is absolutely tenacious;

I declare this, with welled eyes, that to which I failingly aspire
technorati tags: love, truth

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Saturday, November 11

Today's Featured Blogger...


Friday, November 10

...In Dust and Ashes!

Okay, I admit it...I'm a blog bandit. I say so because the following scintillating reading was provided, not by some lashing, Biblically astute wit inside my own head, but by some gifted bloggers down the road. I guess you can call it extended "blog-spotting."

First, this excerpt: Christian transitions instantly from holiness to impurity. For instance, when a church reels from the scandal of an adulterous pastor, you can be sure that spiritual appeasement is responsible. When a root of bitterness sprang up, it was allowed to push roots deeply into the soil and leach vitality from the soul (Heb. 12:15). When circumstances pressured a weak conscience, they were allowed to press the conscience to the side (1 Cor. 8:7). When the right action was apparent, it was replaced with inaction (Jas. 4:17).

Step by step, a mosaic of sin began to form. Rather than declaring war on sin, the pastor sued for peace. After all, the wandering imagination is only natural. The flattery of attention is powerful, but not deadly as long as you know it's happening. Implementing God's commands are time-consuming, and there will be more time tomorrow (or the day after). Gradually, tiny acres of the soul were ceded to Satan with the understanding that this would be the final allowance. The pastor willfully ignored the fact that the Devil is a predatory dictator who will be satisfied with nothing less than total control of both body and soul. But Satan is also a wily diplomat; like Hitler, he will agree to partial control, knowing that a foothold today is a firm grip tomorrow...
Then, there's this great gem from the comments section:
The consuming, self-destructive nature of sin is like the technique used by Eskimos to kill wolves. First, the Eskimo coats his knife blade with animal blood and allows it to freeze. Then he adds another layer of blood, and another, until the blade is completely concealed in a block of frozen blood. Next the hunter fixes his knife in the ground with the blade up. When a wolf follows his sensitive nose to the source of the scent and discovers the bait, he licks it, tasting the fresh frozen blood. He begins to lick faster, more and more vigorously, lapping the blade until the keen edge is bare. Feverishly now, harder and harder the wolf licks the blade in the arctic night. So great becomes his craving for blood that the wolf does not notice the razor-sharp sting of the naked blade on his own tongue, nor does he realize that his insatiable thirst is being satisfied by his own blood. He just craves more and more until he drops dead in the snow. We are consumed, the Bible warns, by our own lusts. [Emphasis mine.]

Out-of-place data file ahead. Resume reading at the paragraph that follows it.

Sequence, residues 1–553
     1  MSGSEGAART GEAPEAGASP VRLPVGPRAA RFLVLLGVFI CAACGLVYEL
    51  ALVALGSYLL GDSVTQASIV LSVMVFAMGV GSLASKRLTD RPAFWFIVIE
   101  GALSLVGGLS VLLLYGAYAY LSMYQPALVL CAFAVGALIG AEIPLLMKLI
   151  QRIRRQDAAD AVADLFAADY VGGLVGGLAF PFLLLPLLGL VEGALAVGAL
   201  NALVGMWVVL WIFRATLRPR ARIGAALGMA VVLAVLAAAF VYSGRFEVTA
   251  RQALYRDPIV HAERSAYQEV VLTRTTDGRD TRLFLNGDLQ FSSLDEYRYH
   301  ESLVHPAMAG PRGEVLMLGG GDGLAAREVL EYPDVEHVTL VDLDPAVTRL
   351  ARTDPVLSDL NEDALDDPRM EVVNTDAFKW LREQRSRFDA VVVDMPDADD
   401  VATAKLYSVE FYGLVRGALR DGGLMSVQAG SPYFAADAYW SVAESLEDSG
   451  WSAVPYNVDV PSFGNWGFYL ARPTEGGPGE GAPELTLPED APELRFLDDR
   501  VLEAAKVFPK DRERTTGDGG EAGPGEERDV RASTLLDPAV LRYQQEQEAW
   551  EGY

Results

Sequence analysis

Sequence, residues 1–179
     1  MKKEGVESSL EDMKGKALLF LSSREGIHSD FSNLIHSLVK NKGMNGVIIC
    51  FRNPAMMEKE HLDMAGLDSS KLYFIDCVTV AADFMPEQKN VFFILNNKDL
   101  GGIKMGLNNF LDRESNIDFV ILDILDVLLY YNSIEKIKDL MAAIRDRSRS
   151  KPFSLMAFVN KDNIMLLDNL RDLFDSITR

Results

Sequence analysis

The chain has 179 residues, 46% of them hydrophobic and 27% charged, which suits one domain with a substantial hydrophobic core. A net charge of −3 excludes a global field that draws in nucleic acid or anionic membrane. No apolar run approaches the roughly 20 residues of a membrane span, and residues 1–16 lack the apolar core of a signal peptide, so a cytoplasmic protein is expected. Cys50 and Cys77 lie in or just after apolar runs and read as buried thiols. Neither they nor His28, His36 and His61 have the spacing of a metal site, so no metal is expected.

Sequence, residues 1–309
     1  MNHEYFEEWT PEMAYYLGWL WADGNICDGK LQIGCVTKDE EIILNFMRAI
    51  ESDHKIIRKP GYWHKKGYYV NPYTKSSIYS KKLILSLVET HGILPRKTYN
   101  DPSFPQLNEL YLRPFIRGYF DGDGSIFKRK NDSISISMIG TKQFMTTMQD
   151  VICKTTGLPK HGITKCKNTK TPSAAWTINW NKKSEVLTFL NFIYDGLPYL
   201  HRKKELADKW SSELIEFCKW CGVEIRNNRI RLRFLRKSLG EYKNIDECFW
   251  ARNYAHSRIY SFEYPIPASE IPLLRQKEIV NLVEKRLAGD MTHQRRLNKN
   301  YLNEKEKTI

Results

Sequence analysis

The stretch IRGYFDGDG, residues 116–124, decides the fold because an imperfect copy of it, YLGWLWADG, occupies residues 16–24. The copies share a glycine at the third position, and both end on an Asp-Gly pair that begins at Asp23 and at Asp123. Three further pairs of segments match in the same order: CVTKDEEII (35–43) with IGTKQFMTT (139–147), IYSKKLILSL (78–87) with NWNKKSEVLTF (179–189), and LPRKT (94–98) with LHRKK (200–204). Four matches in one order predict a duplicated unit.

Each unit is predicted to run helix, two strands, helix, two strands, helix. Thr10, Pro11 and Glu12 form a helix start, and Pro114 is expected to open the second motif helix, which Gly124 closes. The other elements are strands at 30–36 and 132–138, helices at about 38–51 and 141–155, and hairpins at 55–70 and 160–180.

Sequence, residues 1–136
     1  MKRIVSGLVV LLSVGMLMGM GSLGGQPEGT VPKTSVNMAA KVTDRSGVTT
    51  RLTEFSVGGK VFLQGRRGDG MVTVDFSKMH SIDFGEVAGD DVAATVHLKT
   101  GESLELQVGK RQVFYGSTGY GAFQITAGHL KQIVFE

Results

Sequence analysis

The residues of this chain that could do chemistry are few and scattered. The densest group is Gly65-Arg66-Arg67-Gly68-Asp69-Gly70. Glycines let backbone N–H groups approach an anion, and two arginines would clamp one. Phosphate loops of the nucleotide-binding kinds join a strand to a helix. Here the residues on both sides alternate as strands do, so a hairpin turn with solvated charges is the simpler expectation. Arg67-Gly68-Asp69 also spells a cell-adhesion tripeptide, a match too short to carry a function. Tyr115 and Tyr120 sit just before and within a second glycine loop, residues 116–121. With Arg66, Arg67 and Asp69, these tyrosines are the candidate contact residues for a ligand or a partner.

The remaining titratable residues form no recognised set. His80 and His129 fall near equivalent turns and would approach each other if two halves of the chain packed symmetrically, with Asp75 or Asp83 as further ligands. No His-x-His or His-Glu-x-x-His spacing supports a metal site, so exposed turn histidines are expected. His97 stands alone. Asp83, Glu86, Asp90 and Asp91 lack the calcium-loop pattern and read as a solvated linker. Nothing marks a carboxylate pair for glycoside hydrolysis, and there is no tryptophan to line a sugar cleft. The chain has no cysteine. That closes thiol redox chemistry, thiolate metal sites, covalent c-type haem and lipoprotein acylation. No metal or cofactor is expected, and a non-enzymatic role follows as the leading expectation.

(For attributions and full reads, go here...)

Ouch! May we all be bereaved over the exceeding sinfulness of our sins...and fight hard against it in our selves, our homes, and our Churches!
technorati tags: christ, sin

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Monday, November 6

Ted Haggard & I...

Surely by now, you've heard. If not, go here, and here to read about it.

I encountered Ted Haggard while attending Oral Roberts University. He was one of the favored speakers there. My most prominent memory is of his address to a men's conference one year, at which he admonished us to show patient consideration with respect to our (prospective) wives' differing libidos.

I have to agree completely with Tim Challies, on this one. Truly, I am inwardly no better than this, or any other man. I am a chief, self-deceiving Sinner. My own heart is as wicked, vile, totally sinful and untrustworthy as Ted Haggard's has shown itself to be.

With Peter, I acknowledge this sinfulness in me and supplicate: please, please, please, Lord, have Mercy on me, preserve me and do not drop me from the Blessed Grasp of your Grace!

And so, what now? I say the most appropriate responses to the Ted Haggard failing, are to: 1) Pray for New Life Church in Colorado Springs; 2) pray for our own hearts, lest we think ourselves beyond the reach of the Heinous; and 3) continue to call all men to repentance, humbly using even this sad thing as an opportunity to do so.


To be true, I must confess in the aftermath of this - another highly publicized moral failing of an Evangelical church leader - my thoughts have been somewhat mixed (ultimately for the good, I trust). On the one hand, though I abhor the tendency of many to grossly over-indulge in a dependence upon God's attribute of Love, I equally detest the ugly, compassion-less tendency to over-emphasize God's attribute of Holiness (or Wrath). Both these attributes of our Lord are very real and very, very relevant to each one of us. (As one expressed it, recently: 'It is the holiness of God that requires man's repentance/redemption and the love of God that makes man's repentance/redemption possible.')

I admit, I have tended to lean toward the latter, in an endeavor to compensate for the former, of which I was plainly guilty in my "BC" days. I'm still grappling with the balancing act between the two. Yet, I don't think I'll ever quite leave off the belief that the two must go hand-in-hand in any well-rounded presentation of
Gospel Truth...
technorati tags: ted haggard, immorality, sin, moral failing, evangelical leaders